Universal Credit in the UK is Failing – Because it isn’t Universal Basic Income
The difficulties with the UK’s reformed benefits system, known as Universal Credit, are as endless as they are predictable.
Of course, there are the delays and additional expense caused by bringing in an entirely new IT system to take over the calculation of benefits and reduce the need for staff to think for themselves. We’ve come to expect that. But there are structural problems too. There is the built-in delay in paying out the new benefit after a claim, meaning that the poorest are deliberately deprived of their income whilst waiting for their social security cheque. There is the fact that that Universal Credit can only be applied for online, excluding thousands of vulnerable claimants without internet access, or those who have difficulty with reading, unless they can obtain help from cash-strapped councils and charities. There was a phone helpline, but it was premium rate until recently. The benefit is also paid to households, not individuals, so that one person will get all the money, opening up other members of the family to control and abuse. And there are the inevitable government cuts to the Universal Credit budget so that the new benefit will be assessed as less generous than the old no matter what, meaning that tight budgets are exploded by a sudden reduced income. All this is true, but the fact is that Universal Credit was always going to fail for one simple reason.
It is assessed against other income to limit entitlement to it, and it can be further limited by the sanctions imposed on people not trying hard enough, so it is reduced as and when this is felt to be appropriate. As such, it’s not a regular income, and it’s conditional on a person being in poverty. In short, it is not a Universal Basic Income.
The objections within government against benefits being awarded to those who do not ‘deserve’ them are so dominant that you have a situation where the tail is wagging the dog. Universal Credit is not constructed to provide an income for those who have fallen on hard times, or are too ill to work, or have lost a job through no fault of their own; which might in normal times be seen as the main driver for the benefits system. Not really. It is designed to enable a financial punishment for people to get work, get more work, and continue to find more work until they’re off benefits completely. It’s like a contents insurance policy that forces you to build a wall around your house until you can’t get out. But at least you’re not a risk any more.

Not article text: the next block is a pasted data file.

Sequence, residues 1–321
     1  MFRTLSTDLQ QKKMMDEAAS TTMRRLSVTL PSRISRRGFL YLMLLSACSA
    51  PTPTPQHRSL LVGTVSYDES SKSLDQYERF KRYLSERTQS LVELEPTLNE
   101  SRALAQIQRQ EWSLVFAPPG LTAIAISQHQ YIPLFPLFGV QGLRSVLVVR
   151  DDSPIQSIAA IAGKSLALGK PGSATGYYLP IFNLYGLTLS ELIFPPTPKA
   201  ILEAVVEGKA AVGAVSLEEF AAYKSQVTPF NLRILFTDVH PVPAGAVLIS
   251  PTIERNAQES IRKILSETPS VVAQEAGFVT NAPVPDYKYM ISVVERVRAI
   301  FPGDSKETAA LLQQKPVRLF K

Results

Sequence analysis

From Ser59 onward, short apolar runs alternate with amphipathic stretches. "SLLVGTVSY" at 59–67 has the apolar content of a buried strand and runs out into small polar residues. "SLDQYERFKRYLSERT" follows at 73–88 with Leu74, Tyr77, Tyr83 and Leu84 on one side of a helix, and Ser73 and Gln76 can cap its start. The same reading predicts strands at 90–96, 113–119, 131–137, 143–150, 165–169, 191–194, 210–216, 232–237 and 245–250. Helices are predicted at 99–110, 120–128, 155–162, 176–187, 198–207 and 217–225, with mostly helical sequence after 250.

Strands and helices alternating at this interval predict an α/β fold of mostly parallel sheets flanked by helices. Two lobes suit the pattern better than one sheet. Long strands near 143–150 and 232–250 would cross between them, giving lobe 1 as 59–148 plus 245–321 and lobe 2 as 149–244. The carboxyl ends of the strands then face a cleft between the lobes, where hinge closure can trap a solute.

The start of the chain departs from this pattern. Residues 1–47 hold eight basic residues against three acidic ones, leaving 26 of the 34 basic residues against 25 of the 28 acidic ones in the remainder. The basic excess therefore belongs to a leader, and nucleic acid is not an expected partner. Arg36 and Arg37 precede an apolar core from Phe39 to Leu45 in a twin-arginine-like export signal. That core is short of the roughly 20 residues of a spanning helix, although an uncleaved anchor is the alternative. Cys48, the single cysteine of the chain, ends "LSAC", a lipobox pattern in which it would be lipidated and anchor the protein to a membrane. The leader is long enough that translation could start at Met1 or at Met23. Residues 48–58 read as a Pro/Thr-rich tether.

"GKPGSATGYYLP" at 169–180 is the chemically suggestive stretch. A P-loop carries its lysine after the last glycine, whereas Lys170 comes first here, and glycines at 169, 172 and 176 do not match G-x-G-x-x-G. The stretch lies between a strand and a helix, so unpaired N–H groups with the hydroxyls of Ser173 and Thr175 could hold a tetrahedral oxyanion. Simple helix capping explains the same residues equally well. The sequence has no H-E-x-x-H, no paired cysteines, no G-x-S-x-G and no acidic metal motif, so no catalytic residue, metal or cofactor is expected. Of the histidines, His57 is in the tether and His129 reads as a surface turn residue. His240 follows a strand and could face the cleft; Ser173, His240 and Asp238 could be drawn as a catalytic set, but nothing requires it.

We live in a world where people have a fluctuating income because of their zero-hour contracts and other part-time arrangements. Universal Credit and systems like it can’t function effectively in a world like this. It is too complicated to cope effectively with such an income because it has to assess a different payment every week. It also can’t cope in a world where people will need to take time away from the employment market to retrain and acquire the new skills that the new employment markets require. The system won’t allow people to take time off to retrain. They have to keep working. So what happens to a workforce that is designed to meet the requirements of twenty or thirty years ago? They end up on benefits because they can’t get work.
Universal Basic Income addresses these problems. As Guy Standing, Professor of Development Studies at the School of Oriental and African Studies, University of London says [in the article here] “A basic income removes onerous benefit conditions to seek and take employment, yet increases the incentive to take low-wage jobs because it is not withdrawn as income rises.”
Universal Credit is a predictably hopeless attempt to rationalise and simplify supplementary benefits which fails because it is actually a means of forcing people perceived as too lazy to get work. But it also fails on its own terms, because its regime is too complicated and takes away too much cash to be proficient in persuading people that work pays.
If you want people to be rewarded with an improved lifestyle for their efforts in finding work – give them a Universal Basic Income. That way, people get enough money to live. But they also get to keep whatever else they earn through their own efforts. Personal responsibility at last. Without the indignity of begging for a handout.
David R Thompson